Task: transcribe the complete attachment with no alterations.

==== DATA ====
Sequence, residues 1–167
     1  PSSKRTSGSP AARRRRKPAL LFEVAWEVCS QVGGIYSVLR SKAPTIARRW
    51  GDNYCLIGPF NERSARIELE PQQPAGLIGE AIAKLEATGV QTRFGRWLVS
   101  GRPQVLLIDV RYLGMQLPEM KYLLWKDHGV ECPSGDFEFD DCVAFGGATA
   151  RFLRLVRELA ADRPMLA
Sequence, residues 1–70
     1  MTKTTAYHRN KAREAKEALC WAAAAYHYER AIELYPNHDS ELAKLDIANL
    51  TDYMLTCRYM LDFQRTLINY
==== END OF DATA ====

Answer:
Sequence, residues 1–167
     1  PSSKRTSGSP AARRRRKPAL LFEVAWEVCS QVGGIYSVLR SKAPTIARRW
    51  GDNYCLIGPF NERSARIELE PQQPAGLIGE AIAKLEATGV QTRFGRWLVS
   101  GRPQVLLIDV RYLGMQLPEM KYLLWKDHGV ECPSGDFEFD DCVAFGGATA
   151  RFLRLVRELA ADRPMLA
Sequence, residues 1–70
     1  MTKTTAYHRN KAREAKEALC WAAAAYHYER AIELYPNHDS ELAKLDIANL
    51  TDYMLTCRYM LDFQRTLINY